Monday, July 30, 2007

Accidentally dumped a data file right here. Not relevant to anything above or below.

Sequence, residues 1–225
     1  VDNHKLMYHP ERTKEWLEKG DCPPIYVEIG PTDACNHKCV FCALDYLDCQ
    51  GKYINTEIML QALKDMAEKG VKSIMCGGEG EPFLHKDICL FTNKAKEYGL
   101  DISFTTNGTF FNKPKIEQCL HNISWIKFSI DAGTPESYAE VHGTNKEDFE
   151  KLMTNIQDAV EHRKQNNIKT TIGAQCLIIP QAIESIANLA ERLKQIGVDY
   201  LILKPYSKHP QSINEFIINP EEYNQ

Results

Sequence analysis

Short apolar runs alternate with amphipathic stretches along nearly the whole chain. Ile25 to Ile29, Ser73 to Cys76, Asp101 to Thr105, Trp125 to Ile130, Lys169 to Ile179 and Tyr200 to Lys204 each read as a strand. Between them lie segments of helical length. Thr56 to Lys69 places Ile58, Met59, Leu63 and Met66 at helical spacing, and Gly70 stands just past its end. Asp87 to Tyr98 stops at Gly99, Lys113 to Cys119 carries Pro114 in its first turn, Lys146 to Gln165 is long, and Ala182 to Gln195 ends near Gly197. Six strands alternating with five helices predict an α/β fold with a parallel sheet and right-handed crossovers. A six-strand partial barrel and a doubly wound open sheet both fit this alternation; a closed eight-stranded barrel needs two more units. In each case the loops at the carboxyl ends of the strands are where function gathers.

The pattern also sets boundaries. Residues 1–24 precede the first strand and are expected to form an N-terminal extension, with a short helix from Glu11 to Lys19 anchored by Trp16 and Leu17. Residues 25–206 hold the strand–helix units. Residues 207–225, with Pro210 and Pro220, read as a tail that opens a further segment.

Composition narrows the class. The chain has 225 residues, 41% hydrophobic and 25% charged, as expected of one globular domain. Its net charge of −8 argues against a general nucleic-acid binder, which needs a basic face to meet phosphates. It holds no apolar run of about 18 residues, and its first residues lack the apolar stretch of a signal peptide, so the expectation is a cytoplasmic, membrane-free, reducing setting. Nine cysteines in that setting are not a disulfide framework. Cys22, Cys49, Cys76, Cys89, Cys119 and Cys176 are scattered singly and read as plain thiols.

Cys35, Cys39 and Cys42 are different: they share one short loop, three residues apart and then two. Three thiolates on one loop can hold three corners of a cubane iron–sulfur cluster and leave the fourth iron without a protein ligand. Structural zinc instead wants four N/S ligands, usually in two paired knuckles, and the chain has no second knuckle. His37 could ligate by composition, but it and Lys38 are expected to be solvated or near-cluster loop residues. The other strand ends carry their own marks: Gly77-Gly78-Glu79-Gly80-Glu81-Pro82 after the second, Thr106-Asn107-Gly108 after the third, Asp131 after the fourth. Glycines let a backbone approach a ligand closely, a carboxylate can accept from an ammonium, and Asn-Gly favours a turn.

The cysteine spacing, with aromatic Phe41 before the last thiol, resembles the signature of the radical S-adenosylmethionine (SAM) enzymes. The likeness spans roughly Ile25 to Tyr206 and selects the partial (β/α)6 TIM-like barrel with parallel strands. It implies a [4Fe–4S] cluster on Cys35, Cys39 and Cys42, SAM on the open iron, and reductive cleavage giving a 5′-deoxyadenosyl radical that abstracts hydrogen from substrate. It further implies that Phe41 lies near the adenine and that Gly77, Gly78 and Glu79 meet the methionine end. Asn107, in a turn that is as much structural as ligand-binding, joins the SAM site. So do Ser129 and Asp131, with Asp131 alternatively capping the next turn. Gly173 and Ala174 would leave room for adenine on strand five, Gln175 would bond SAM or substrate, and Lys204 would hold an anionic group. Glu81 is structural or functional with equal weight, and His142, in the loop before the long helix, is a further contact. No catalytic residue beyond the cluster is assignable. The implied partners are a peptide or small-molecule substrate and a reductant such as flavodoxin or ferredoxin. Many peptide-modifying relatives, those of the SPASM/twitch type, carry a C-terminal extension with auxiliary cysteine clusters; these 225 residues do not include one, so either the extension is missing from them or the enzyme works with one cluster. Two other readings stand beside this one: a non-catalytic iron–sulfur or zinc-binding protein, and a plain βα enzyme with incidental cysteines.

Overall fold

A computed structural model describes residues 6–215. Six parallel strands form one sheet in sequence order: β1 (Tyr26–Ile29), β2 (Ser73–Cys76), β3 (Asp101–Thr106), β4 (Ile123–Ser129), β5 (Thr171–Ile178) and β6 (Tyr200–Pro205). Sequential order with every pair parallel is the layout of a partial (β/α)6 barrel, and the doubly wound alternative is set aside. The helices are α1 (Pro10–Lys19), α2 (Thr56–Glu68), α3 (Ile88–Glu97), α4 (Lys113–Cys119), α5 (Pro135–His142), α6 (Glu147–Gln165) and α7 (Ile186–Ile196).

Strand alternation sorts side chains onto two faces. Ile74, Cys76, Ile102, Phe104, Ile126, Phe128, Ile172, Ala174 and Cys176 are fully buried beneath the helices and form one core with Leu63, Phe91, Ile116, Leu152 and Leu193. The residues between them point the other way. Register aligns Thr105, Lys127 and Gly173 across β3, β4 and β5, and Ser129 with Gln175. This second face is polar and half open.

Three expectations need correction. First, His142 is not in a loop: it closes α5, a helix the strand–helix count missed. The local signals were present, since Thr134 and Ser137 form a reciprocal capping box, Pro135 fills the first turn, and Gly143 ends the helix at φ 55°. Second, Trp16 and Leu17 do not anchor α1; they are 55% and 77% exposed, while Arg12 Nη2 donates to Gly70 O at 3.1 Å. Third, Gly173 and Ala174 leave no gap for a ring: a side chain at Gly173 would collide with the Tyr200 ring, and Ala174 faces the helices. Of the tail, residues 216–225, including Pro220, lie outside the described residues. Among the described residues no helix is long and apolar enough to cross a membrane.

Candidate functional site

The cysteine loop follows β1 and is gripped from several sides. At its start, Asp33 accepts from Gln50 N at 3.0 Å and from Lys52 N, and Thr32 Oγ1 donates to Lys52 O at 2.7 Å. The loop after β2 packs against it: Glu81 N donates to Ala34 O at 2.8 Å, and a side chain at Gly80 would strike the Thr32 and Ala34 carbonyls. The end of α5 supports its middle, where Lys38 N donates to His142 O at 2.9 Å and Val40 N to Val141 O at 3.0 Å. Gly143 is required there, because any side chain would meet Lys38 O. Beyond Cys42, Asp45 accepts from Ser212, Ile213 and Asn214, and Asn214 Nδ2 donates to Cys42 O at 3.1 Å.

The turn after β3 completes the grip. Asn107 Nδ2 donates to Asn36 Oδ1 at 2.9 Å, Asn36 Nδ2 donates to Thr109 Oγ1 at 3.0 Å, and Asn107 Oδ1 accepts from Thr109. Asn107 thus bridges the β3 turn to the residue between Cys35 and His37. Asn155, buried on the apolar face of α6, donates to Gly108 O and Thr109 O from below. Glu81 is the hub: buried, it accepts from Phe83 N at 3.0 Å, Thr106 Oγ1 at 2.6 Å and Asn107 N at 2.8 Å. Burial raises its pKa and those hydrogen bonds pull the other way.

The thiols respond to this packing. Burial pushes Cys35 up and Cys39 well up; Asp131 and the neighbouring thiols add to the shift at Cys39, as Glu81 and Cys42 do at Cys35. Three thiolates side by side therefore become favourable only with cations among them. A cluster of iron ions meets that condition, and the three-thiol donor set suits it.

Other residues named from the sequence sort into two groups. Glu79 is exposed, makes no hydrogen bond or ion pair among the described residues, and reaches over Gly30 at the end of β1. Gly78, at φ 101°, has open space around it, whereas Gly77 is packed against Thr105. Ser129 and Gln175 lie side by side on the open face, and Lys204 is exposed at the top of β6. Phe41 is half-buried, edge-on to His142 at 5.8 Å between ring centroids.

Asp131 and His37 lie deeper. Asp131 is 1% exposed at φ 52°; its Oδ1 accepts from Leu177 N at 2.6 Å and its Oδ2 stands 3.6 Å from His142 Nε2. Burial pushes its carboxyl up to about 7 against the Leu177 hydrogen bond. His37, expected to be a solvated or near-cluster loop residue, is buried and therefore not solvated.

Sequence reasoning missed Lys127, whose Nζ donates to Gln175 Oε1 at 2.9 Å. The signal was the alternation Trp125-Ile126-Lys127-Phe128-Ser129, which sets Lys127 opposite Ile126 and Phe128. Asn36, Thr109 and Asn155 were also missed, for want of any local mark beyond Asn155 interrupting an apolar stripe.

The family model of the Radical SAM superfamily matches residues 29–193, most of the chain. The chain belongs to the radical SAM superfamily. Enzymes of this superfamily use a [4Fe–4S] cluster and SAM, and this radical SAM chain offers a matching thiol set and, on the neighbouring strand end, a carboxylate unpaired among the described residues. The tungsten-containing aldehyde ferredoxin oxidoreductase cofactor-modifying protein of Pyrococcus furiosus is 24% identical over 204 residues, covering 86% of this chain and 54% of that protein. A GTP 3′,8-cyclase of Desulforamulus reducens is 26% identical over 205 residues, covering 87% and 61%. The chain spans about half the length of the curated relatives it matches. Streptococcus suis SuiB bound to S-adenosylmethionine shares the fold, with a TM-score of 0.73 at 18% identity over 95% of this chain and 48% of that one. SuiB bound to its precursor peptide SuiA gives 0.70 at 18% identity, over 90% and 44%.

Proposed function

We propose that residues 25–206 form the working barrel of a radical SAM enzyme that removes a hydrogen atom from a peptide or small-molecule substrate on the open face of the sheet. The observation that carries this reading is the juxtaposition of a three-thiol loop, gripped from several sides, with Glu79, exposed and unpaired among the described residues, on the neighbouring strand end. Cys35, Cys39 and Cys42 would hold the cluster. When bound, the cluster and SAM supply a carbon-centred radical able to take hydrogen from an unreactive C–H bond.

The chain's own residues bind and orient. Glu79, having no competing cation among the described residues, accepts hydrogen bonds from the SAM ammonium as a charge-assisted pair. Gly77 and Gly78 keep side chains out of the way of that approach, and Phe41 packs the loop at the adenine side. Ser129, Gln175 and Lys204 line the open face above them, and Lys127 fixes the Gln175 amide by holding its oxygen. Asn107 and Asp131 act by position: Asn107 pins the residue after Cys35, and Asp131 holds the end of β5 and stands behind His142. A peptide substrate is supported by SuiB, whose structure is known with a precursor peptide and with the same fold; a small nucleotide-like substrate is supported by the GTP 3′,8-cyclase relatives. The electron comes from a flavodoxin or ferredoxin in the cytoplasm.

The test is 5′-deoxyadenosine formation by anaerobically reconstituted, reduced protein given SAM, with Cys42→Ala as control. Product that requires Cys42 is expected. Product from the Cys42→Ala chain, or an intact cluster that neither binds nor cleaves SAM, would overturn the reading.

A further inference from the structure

I'm trying to unlock the significance of tagmashes. A tagmash builds a sort of subject heading by combining search terms in a folksonomy - and then storing them. So 'joined' search terms become a persistent and useful category. Thingology reports it like this: "there is no good way to search for 'France during wwii.' The tag Vichy covers some of the ground, but not enough. Tagmash provides an answer. Tagmash: france, wwii (france and wwii) Tagmash: france, wwii, non-fiction (kill the novels) Tagmash: france, wwii, -fiction (much the same)." You can see all this working by following the links on the Thingology blog. There's also a commentary on tagmashes here. It seems that clusters, as used in Flickr, do a similar thing but they work on a frequency count, whereas tagmashes are derived from meaningful combinations generated by users. If I've got it right what we have here is a great example of knowledge building in a social network.